Moriarty, Holton Dimick draw contrasts on police in Hennepin County attorney race

A two-year increase in violent crime has put the race for Hennepin County's top prosecutor into the spotlight, leaving the candidates to draw battle lines ahead of November's election.

Mary Moriarty, the former Hennepin County chief public defender, got 36% of the votes in August's seven-way primary. Retired Hennepin County judge Martha Holton Dimick received the second-most votes.

The candidates most sharply contrast over police issues. Holton Dimick says she views Moriarty as dangerous, while Moriarty says Holton Dimick's arguments represent the status quo.

Both are Minneapolis residents, meaning they voted on Question 2, the failed 2021 ballot initiative that would've replaced the Minneapolis Police Department with a safety agency tasked with taking a public health approach to crime. Holton Dimick said she voted no; Moriarty declined to say how she voted.

"I’ve not talked about what my vote was for one particular reason: I’m not a politician, and I’m not trying to pander to people for votes," Moriarty said. She said taking a public position could require prosecutors to remove themselves if a future police ballot question faces legal challenges.

Moriarty has drawn support from Question 2 backers, according to Hennepin County and Minnesota campaign finance records. Movement Voter PAC, a Massachusetts-based committee that in 2021 gave $250,000 to a group that supported Question 2, has since contributed $60,000 to a group called People Over Prosecution that backs Moriarty in the county attorney's race.

Moriarty said she counts supporters and opponents of the MPD ballot question among her backers. She pointed to Nekima Levy Armstrong, a racial justice advocate who opposed the ballot question but has endorsed Moriarty.

Meanwhile, Holton Dimick compared Question 2 to the "Defund the Police" movement.

"How do you think that impacted the criminals in our neighborhoods? It was like putting up the 'Go' sign, just go ahead and commit crimes, and that’s exactly the effect it had," she said.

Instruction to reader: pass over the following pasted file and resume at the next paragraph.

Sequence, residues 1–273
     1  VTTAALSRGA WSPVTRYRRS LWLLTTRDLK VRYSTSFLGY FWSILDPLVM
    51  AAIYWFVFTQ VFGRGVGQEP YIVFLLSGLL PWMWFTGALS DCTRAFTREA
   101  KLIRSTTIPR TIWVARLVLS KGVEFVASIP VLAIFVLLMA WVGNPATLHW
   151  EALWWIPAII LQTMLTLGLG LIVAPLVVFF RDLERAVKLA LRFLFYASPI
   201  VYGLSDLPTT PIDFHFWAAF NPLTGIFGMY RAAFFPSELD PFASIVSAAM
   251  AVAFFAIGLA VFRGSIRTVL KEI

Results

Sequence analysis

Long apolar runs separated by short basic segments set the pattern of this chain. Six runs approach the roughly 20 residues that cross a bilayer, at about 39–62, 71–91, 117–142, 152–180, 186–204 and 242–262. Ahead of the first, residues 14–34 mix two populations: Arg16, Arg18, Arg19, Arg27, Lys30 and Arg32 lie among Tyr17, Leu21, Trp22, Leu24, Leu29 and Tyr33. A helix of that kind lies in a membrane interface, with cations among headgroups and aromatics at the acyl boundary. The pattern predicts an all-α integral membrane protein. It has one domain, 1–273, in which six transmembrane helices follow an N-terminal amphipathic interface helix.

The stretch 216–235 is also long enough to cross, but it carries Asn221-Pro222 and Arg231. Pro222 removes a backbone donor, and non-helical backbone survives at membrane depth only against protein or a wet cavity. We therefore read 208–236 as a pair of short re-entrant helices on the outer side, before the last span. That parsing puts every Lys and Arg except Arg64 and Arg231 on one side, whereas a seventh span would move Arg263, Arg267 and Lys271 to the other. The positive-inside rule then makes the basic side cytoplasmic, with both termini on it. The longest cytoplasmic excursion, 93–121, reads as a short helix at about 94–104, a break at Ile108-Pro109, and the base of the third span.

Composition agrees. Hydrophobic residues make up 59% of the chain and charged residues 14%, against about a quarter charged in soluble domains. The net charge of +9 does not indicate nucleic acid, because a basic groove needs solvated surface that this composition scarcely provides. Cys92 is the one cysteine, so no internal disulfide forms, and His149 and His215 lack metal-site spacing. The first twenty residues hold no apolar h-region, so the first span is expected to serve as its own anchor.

Candidates' plans for office

Moriarty said she would enhance intervention programs aimed at troubled youth. Holton Dimick is advocating a "tough on crime" approach that prosecutors have unsuccessfully tried for decades, Moriarty said.

Holton Dimick said she wants Minneapolis Police to have 900 officers, the staffing strength before the COVID-19 pandemic and the police murder of George Floyd. There were 563 active-duty, sworn officers earlier this month, according to city records.

Moriarty also plans to end retiring Hennepin County Attorney Mike Freeman's practice of sending some police misconduct cases to other counties for review before deciding whether to prosecute.

Both candidates said they would prosecute officers who commit crimes or violate a person's civil rights. But Moriarty said she would go further, using the office to press for change within the MPD.

"I think one of my jobs as county attorney is to flag video of minor policy violations, bigger policy violations, and share that with police leadership because they don’t see it as much as prosecutors do, and say, 'I think you need to have a conversation here. There’s something going on in this officer’s life that they’re behaving in a certain way, and I think we can nip the next [Derek] Chauvin in the bud,'" Moriarty said.

Holton Dimick said she would be unable to exert significant influence over the MPD from the county attorney's office. However, all of the city's new police officers should be trained by an outside agency, not MPD, because of the department's cultural issues, she said.

"I think the culture is very damaged," she said. "I think the culture’s been damaged for a very long time."

Grading Freeman

Moriarty has been a vocal critic of Freeman, who has held the top prosecutor's job since voters elected him in 2006. Holton Dimick said she worked as an assistant county attorney under Freeman for his first three years in office.

Holton Dimick said she gives Freeman's tenure a "B-minus, maybe a C-plus." Transparency within the office must improve under the next county attorney, she said.

"I think Mike has a big heart, a good heart. But I think the lack of communication, the lack of transparency really hurt him these last few years," she said, especially with regard to police misconduct reviews and interactions with suburban police chiefs who are dealing with crime increases.

Violent crime was up 23.9% in the seven-county Twin Cities Metro last year, according to state data.

The looming change at the top has left some staffers uneasy.

Holton Dimick said that some prosecutors are considering whether to leave if Moriarty wins office. Moriarty said she's spoken with prosecutors directly and told them they should have no fear.

"I’ve heard this. 'Are you going to come in and fire all of us?' No. The answer is no," Moriarty said. "That’s not who I am as a human being, as the leader of an office."

No wave of departures has happened in the year since Freeman announced plans to retire, data from the county attorney's office indicate. There were 492 staffers on Aug. 1, including 223 attorneys. Those figures were slight increases from 470 staffers and 213 attorneys one year ago.